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GirlzFTW's co-founder creates a global mentorship program for the next generation of gender equality advocates
United Nations Foundation
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This story was originally shared on #EqualEverywhere — a campaign to champion the changemakers working to make equality for girls and women a reality. You can find the original story here.

Priyanka Jaishinghani is a social entrepreneur, journalist, and advocate with a passion for making an impact. As the co-founder of a global mentorship program, GirlzFTW, she works to connect high school and college girls to inspiring mentors. Priyanka is also driving impact through her work as Managing Editor of Conscious Magazine and as a member of the World Economic Forum's Global Shapers community.



What does #EqualEverywhere mean to you?

#EqualEverywhere means closing the gender gap so women have access to equal opportunities.

Why do you advocate for equal rights for girls and women?

Almost 1 billion girls and young women lack the skills they need to succeed in a rapidly changing labor market. Women remain underrepresented in leadership and management positions both publicly and privately. According to Women, Business and the Law, globally, there are only six countries that give girls the same working rights as men. In addition, only 5% of women hold CEO positions across leading Fortune 500 companies.

These daunting statistics make me want to balance the playing field by investing in women across the globe.

What motivates you to do this work?

Growing up, I lived in the United Arab Emirates, Mexico, India, and the U.S., where I realized that girls and women needed more real life mentors. Indeed, irrespective of geography, girls face similar issues worldwide. My conviction that it is up to us to tackle adverse norms and promote positive role models motivated me to co-create GirlzFTW in 2017 (FTW stands for For The Win). It is gratifying that today, I'm building those very resources and platforms that I wish I had when I was younger.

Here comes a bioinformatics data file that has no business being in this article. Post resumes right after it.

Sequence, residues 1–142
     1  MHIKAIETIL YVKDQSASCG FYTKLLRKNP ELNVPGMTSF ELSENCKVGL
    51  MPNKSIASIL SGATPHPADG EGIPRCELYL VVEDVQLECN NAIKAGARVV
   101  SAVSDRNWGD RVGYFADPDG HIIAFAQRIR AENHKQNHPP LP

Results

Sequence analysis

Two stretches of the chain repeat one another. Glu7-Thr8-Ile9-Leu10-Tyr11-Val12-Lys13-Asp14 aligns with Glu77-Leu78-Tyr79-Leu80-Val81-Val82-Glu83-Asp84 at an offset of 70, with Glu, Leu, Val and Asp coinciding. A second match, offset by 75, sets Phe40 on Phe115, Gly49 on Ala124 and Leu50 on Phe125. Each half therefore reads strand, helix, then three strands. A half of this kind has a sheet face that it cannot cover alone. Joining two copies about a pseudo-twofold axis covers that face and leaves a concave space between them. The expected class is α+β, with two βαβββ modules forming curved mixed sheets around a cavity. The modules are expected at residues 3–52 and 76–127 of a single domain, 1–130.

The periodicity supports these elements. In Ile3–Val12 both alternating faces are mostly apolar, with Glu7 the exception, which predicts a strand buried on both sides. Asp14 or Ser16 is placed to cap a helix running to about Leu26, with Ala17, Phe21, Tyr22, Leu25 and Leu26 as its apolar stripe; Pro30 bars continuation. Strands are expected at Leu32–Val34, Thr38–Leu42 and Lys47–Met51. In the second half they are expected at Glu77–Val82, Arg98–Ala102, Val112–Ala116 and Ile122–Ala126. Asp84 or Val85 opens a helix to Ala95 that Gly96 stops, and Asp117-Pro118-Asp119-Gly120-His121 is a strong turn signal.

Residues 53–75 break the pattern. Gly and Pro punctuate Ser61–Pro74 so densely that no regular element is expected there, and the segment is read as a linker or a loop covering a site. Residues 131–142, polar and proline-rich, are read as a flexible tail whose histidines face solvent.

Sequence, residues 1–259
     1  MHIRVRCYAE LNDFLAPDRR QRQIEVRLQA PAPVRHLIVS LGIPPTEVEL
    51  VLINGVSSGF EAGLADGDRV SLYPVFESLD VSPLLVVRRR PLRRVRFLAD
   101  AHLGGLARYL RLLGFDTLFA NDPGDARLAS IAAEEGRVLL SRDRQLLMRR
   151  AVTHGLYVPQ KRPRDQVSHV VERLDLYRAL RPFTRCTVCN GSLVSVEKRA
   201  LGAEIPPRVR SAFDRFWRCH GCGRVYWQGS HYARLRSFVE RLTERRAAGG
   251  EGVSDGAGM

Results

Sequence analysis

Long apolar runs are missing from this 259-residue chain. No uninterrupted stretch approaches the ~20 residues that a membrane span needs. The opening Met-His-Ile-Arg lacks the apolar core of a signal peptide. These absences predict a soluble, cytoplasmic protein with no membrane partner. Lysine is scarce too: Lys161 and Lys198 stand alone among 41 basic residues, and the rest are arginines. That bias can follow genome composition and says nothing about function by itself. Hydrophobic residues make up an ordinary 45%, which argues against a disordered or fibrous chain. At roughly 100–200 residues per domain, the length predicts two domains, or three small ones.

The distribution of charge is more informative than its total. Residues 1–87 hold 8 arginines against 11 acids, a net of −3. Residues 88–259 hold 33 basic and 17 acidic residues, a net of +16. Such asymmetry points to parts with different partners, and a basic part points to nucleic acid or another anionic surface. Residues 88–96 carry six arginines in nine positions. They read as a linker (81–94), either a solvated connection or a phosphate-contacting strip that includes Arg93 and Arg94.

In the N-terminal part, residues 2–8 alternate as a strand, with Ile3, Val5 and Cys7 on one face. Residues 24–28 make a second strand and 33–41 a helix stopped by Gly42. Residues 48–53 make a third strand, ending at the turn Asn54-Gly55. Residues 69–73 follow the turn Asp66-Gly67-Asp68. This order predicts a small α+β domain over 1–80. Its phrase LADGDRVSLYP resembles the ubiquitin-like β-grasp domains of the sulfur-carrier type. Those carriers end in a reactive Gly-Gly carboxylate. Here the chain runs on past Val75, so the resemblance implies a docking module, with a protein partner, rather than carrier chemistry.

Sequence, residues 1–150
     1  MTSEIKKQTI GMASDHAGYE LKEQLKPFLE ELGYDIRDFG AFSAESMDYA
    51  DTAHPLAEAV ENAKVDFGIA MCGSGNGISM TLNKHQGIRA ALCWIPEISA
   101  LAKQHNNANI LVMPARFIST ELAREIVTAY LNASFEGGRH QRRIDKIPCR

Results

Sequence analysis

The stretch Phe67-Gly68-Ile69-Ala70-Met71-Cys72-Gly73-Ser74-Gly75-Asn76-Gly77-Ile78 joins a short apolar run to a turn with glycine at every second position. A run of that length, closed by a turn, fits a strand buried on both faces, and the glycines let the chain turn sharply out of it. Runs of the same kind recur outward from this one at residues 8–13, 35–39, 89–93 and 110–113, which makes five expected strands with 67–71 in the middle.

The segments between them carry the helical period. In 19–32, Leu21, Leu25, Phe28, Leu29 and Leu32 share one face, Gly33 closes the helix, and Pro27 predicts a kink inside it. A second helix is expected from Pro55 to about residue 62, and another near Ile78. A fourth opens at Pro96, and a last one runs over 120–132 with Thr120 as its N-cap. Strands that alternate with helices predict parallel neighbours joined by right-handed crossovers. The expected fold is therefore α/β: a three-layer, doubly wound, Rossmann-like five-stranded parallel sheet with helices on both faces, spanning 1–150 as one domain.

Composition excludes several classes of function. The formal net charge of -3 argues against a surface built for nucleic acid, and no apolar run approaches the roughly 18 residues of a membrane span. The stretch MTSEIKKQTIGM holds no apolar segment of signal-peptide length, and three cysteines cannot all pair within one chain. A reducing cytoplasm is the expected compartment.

GirlzFTW made it possible for 16 mentees hailing from India, Canada, and the U.S. to connect with inspiring and powerful mentors to help achieve their goals. Currently, girls participating in our network represent over 70 countries — from Ethiopia to Bangladesh.

What are the main challenges you experience in your work to advance gender equality?

As a global program, GirlzFTW encounters many types of gender inequality and provides a platform through which girls can share their stories. On the one hand, some countries have jumped miles ahead by introducing progressive laws and more tolerant societal norms. On the other hand, women in far too many countries must fight hard to even obtain a seat at the table.

A key lesson I have learned is that the first step toward narrowing the inequality gap is to instill confidence among women and girls by equipping them with the skills they need to speak up for themselves. Strengthening their voices requires concerted effort and deliberate networking.

What progress are you seeing as a result of your work?

Through global mentorship, GirlzFTW is channeling the magic of women every day. We do this by connecting girls in high school and college to inspirational and amazing women from diverse fields, industries, and backgrounds.

In 2019, we hosted the first 'The Girlz, RTW (Run the World) Conference', held as a collaboration between The World With MNR, Trinity College, and GirlzFTW. The event provided girls at the University of Toronto access to training, empowerment, career development advice, and mentorship. Over 100 girls came together to connect and network with like-minded female leaders.